Thanks to Dom Kureen for this review of stand-up comedienne Lucy Porter’s gig on Friday at Quay Arts. Ed
“Thanks, you’ve been an… interesting audience!”
Her words dripped with an under current of disillusionment, as Lucy Porter departed the Quay Arts stage on Friday night.
Perched only a few metres from where her performance had taken place, the comedian’s intoxicated antagonists lingered defiantly, having spent the entire evening interrupting the set at pivotal moments and yelling from the bar, this was indeed the night of the intrusive idiot.
Got off to a great start
It had all started so brightly, as Porter regaled the room with a whimsical jaunt through her life in comedy and explained why she came to feel an affinity for the north of England, despite having been born in Croydon, to a Northern Irish father and a mother from the Midlands.
Her search for an identity led to various phases in her youth, including a brief stint as a Goth (which ended abruptly when others of similar persuasion rejected her for being too chirpy), a period idolising Morrissey and an ongoing fascination with miserable men, something she holds responsible for her husband: writer and actor Justin Edwards.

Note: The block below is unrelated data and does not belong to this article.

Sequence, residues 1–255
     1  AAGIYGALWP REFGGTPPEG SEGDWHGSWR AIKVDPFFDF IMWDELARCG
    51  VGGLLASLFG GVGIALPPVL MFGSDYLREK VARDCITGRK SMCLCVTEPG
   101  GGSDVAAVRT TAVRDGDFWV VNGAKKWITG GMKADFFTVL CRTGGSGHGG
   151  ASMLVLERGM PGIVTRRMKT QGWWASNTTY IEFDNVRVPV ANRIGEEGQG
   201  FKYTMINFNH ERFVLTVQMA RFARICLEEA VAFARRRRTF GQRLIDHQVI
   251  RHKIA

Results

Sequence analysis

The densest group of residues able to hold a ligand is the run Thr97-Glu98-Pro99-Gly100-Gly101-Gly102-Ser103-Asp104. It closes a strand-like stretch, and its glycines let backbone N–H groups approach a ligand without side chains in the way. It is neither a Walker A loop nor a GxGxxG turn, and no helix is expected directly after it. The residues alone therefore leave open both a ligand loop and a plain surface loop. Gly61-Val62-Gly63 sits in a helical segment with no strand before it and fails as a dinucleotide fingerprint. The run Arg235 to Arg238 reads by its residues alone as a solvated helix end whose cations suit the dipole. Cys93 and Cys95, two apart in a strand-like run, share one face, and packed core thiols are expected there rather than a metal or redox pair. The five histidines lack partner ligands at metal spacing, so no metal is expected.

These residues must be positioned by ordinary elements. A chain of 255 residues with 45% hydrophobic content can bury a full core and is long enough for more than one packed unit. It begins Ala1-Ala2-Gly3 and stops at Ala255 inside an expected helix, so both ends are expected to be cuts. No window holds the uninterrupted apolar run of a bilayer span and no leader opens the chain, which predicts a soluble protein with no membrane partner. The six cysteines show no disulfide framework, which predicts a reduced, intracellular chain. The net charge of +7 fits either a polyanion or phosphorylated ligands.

Either side of a short interval came some humorous anecdotes, the highlights of which revolved around a faux pas that resulted in an on-air apology to the Mayor of Derby and her take on the Shoreditch hipster scene, which she deliciously defined as having a very high ‘wan*er per capita’ ratio.
Cue the intoxicated antagonists
It was around 20 minutes into the set that a lady in the audience took umbrage to one of Porter’s tamest gags and decided to conduct her own examination into the joke, throwing in a ridiculous race card for good measure.
Even after a near-five minute exchange with the diminutive humorist, she wasn’t satisfied and audibly held noisy, derisive conversation until the end of the show.
Her friend also decided to shout a drinks offer towards the main stage just moments later. This pure, unflinching contempt showed no signs of ceasing and those responsible should have been thrown out long before the end.
She’ll have far better nights than this
It seems remiss to focus such a large proportion of a review for a talented comedian on a few disrespectful twits in attendance, alas regrettably their overbearing presence affected everyone in attendance.
Despite that, it’s important not to lose sight of the fact that the routine itself was nicely paced, allowing for a glimpse into the evolution of an engaging, likeable performer whose tour promises to be a success – she will have far better nights than this.
: Overall score
Image: © Lucy Porter